Flood risk management

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A number of organisations are involved in flood risk management.

Department for Environment, Food and Rural Affairs (Defra)

Defra has overall national responsibility for policy on flood and coastal erosion risk management, and provides funding for flood risk management authorities through grants to the Environment Agency and local authorities.

The Environment Agency

The Environment Agency is responsible for taking a strategic overview of the management of all sources of flooding and coastal erosion. This includes, for example, setting the direction for managing the risks through strategic plans; providing evidence and advice to inform Government policy and support others; working collaboratively to support the development of risk management skills and capacity; and providing a framework to support local delivery. The Agency also has operational responsibility for managing the risk of flooding from main rivers, reservoirs, estuaries and the sea, as well as being coastal erosion risk management authority. As part of its strategic overview role, the Environment Agency has published a National Flood and Coastal Risk Management Strategy for England. The strategy provides information designed to ensure that the roles of those involved in managing flood risk are clearly defined and understood. The Environment Agency will be able to tell you if a watercourse is a 'main river' or an 'ordinary watercourse'.

Lead Local Flood Authorities

Lead Local Flood Authorities (unitary or county councils) are responsible for developing, maintaining and applying a strategy for local flood risk management in their areas and for maintaining a register of flood risk assets. They also have lead responsibility for managing the risk of flooding from surface water, groundwater and ordinary watercourses. In this area the Lead Local Flood Authority is Kent County Council (KCC).

KCC Flooding and drainage policies and guidance which include their Local Flood Risk Management Strategy and Surface Water Management Plans - SWMP (our Borough falls within both the Maidstone and Malling SWMP and the Tonbridge & Malling SWMP)

South East Coastal Group

The members of this group include; the coastal councils, the Environmental Agency, Kent County Council, English Nature and Dover Port. They have developed the Medway Estuary and Swale Shoreline Management Plan.

Although our Borough has no shoreline, as the River Medway is tidal this includes Wouldham, Burham, Snodland, Larkfield, Aylesford and Ditton.

District Councils

District Councils are key partners in planning local flood risk management and can carry out flood risk management works on minor watercourses, working with Lead Local Flood Authorities and others, including taking decisions on development in their area which ensure that risks are effectively managed. District and unitary councils in coastal areas also act as coastal erosion risk management authorities. In this area we, (Tonbridge & Malling Borough Council) are the District Council.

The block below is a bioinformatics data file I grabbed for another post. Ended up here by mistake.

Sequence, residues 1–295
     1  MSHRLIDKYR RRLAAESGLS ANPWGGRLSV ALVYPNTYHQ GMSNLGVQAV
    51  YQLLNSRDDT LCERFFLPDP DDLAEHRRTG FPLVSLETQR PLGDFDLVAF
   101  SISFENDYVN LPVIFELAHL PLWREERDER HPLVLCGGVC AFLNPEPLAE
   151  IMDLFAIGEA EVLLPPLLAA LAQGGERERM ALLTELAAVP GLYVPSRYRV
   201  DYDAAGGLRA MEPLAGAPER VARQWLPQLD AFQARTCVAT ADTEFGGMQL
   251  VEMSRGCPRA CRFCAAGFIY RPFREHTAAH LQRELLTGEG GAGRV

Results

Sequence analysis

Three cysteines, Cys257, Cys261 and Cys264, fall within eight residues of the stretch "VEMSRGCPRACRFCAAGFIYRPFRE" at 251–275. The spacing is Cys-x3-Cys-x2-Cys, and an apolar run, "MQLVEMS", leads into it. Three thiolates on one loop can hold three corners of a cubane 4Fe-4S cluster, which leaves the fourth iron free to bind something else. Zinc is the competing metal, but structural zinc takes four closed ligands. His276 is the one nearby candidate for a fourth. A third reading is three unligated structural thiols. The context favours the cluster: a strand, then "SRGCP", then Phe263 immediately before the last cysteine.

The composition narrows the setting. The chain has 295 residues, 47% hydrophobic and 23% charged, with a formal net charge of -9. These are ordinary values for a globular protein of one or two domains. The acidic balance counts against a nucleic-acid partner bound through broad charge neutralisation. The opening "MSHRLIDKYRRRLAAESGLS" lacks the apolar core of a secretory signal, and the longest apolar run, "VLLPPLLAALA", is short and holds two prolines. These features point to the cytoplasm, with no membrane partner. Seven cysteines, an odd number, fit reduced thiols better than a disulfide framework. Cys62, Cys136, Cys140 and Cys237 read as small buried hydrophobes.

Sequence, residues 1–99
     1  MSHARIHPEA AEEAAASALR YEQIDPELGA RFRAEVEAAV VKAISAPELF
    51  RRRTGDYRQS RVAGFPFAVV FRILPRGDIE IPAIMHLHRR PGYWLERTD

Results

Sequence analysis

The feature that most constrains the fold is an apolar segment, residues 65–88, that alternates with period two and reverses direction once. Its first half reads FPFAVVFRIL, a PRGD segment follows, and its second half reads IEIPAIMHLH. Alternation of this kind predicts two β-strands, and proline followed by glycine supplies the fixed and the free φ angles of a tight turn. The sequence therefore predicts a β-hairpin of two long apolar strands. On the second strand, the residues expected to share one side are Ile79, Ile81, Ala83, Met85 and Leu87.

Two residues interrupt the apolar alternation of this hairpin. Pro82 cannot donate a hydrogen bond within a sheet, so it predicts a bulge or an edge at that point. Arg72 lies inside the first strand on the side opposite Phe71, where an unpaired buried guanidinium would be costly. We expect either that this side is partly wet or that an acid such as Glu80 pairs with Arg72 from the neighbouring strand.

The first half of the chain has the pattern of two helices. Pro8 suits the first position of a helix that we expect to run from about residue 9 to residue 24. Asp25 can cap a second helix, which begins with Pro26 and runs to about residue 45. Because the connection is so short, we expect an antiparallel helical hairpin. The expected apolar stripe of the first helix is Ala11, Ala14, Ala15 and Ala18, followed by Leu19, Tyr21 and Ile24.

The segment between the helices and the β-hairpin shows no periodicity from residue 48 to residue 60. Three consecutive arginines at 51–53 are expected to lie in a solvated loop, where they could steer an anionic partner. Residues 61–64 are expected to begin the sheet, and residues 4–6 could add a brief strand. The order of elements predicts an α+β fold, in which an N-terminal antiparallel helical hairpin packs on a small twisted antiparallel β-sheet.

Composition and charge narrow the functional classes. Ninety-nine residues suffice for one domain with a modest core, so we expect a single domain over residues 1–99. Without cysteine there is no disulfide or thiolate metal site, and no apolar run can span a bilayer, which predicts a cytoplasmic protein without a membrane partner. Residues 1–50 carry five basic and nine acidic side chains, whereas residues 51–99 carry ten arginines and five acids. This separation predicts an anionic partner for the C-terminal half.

Internal Drainage Boards

Internal Drainage Boards are independent public bodies responsible for water level management in low lying areas, they also play an important role in the areas they cover (approximately 10% of England at present), working in partnership with other authorities to actively manage and reduce the risk of flooding. In this area the Internal Drainage Boards are:

  • The Lower Medway Drainage Board covering Cuxton, Faversham, Hoo, isle of Grain, isle of Sheppey, Lower Halstow, Minster, Seasalter, Sheerness, Sittingbourne and Snodland.
  • The Upper Medway Drainage Board covering East Peckham, Edenbridge, Forest Row, Frittenden, Groombridge, Headcorn, Lingfield, Maidstone, Marden, Paddock Wood, Penshurst, Staplehurst, Tonbridge and Yalding.

Riparian owners

Riparian owners are the owners of land or property next to a river, stream or ditch, they have both rights and responsibilities for watercourses. Riparian owners should carry out regular maintenance necessary to maintain the flow in a watercourse. If the proper flow is impeded, the Environment Agency, Internal Drainage Board or Local Authority can take legal action to ensure that the problem is put right.

Works in, over, under or near a watercourse

It is essential that anyone who intends to carry out works in, over, under or near a watercourse contacts the relevant authority to find out whether a Land Drainage Consent (also known as a Flood Defence Consent) is required before starting works. This is to ensure that any works do not endanger life or property by increasing the risk of flooding ir cause harm to the water environment. Works to a weir, dam, culvert or similar obstruction, which may affect the flow of a watercourse, will also require land drainage consent. Some works may also need planning permission.